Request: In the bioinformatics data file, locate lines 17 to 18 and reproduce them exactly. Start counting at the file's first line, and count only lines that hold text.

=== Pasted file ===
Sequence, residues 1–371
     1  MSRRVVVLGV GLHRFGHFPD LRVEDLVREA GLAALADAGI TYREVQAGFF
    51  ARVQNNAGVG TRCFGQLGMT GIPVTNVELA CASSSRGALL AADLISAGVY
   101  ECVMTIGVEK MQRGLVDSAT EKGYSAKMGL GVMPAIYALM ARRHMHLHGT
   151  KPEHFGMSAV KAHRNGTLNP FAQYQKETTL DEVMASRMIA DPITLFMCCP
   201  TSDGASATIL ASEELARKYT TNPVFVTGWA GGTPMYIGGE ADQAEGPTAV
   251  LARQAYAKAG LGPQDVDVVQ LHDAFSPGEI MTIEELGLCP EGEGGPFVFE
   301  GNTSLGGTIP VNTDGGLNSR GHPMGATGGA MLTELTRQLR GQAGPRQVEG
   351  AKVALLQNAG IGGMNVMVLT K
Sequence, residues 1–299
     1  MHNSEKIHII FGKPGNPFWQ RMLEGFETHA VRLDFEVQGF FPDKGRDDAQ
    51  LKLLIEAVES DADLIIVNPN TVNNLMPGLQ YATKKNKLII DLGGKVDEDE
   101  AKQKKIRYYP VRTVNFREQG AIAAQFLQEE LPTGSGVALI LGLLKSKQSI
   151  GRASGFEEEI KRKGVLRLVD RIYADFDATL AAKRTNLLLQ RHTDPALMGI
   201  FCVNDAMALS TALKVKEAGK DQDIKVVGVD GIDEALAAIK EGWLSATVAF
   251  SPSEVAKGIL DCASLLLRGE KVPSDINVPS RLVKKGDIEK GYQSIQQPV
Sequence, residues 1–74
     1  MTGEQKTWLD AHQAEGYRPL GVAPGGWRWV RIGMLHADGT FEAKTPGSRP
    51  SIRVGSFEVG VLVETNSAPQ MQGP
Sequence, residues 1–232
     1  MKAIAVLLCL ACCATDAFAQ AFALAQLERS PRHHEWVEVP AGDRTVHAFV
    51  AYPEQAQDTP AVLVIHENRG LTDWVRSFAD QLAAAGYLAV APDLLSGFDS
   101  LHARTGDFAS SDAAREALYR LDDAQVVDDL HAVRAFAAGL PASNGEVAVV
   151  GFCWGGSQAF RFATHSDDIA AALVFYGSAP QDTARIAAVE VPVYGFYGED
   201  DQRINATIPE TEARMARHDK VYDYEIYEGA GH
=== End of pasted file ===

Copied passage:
Sequence, residues 1–74
     1  MTGEQKTWLD AHQAEGYRPL GVAPGGWRWV RIGMLHADGT FEAKTPGSRP